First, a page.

Accounts Receivable
 
Accounts receivable are carried at original invoice amount less an estimate made for doubtful receivables based on a review of all outstanding amounts on a monthly basis.  Specific reserves are estimated by management based on certain assumptions and variables, including the customer’s financial condition, age of the customer’s receivables and changes in payment histories.  Trade receivables are written off when deemed uncollectible.  Recoveries of trade receivables previously written off are recorded when received.  A trade receivable is considered to be past due if any portion of the receivable balance has not been received by the contractual pay date.  Interest is not charged on trade receivables that are past due. 
 
 
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Inventories
 
Inventories are recorded at the lower of cost or market, cost being determined on a first-in, first-out ("FIFO") method. Inventories consist of raw materials, work-in-process, and finished goods.  Provisions, when required, are made to reduce excess and obsolete inventories to their estimated net realizable values. Due to competitive pressures and technological innovation, it is possible that estimates of the net realizable value could change in the near term.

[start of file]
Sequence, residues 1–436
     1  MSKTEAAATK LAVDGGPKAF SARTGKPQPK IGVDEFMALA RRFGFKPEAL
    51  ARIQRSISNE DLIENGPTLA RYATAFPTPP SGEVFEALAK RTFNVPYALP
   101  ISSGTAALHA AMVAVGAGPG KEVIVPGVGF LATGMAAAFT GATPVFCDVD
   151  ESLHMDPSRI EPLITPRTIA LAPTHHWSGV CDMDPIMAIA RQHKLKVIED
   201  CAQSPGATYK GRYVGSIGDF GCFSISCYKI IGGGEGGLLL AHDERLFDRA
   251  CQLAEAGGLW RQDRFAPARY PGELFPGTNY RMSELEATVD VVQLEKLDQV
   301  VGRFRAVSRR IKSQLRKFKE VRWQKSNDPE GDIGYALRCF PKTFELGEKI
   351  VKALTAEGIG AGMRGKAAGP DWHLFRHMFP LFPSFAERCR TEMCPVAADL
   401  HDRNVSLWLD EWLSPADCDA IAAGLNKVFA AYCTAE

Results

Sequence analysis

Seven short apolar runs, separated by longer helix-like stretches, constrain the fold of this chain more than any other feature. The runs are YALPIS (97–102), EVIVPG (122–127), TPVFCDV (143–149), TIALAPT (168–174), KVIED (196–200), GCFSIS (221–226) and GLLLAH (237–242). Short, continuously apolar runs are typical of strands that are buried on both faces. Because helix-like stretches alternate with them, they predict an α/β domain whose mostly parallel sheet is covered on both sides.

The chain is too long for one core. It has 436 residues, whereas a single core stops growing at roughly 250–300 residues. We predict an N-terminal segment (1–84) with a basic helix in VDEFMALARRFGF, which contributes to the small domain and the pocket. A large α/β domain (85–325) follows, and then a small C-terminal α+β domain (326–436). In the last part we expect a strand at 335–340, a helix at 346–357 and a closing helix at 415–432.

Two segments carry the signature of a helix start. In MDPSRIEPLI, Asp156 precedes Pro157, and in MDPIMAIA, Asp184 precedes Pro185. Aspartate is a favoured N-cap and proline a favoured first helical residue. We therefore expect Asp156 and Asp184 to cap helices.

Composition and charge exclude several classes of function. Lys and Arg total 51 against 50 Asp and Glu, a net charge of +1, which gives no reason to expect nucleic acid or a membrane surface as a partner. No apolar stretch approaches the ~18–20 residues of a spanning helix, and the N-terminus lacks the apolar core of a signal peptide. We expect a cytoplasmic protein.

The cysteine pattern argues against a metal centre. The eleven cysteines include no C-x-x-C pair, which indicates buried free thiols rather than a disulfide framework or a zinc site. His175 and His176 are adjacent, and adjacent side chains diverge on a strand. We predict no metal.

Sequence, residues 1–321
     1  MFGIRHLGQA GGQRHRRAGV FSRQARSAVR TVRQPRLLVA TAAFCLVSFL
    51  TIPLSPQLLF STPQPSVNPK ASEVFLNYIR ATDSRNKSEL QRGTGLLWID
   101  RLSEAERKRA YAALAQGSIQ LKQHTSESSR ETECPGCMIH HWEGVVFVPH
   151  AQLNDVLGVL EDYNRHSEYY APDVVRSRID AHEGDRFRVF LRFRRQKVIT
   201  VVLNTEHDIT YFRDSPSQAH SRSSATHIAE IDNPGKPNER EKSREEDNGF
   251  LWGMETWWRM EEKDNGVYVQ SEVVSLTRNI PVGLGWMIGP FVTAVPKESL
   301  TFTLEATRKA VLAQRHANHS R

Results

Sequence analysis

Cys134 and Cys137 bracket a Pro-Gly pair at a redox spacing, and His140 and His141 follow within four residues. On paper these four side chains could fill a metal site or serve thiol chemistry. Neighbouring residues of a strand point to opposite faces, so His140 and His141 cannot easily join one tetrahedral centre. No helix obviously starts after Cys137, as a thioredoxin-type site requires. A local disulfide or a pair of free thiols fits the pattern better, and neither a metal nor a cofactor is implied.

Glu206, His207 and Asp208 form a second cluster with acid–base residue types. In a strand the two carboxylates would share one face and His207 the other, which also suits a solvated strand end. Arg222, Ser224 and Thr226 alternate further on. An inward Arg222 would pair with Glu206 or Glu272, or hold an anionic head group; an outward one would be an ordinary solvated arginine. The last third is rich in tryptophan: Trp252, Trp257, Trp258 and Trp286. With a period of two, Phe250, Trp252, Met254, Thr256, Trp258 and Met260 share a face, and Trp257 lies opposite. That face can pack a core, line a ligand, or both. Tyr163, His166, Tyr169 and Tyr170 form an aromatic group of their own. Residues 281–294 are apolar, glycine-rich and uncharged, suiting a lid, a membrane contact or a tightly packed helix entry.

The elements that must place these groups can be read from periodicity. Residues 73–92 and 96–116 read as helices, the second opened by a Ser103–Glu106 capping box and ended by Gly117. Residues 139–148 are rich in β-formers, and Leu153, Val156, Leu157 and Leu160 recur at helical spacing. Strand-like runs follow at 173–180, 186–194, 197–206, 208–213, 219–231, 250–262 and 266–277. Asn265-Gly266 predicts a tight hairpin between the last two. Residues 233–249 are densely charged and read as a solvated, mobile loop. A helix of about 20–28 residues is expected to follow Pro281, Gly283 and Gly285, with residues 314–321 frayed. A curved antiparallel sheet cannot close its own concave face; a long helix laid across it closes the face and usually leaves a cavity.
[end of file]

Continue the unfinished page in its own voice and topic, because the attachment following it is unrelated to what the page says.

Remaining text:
Property and Equipment
 
Property and equipment are stated at cost, less accumulated depreciation and amortization.  Depreciation and amortization are determined using the straight-line method over the estimated useful lives of the assets, typically three to seven years.  Leasehold improvements are amortized over the shorter of the estimated useful lives of the asset or the term of the lease.  Expenditures for maintenance and repairs are expensed while renewals and improvements over $500 are capitalized.  When property and equipment are disposed, any gains or losses are included in the results of operations.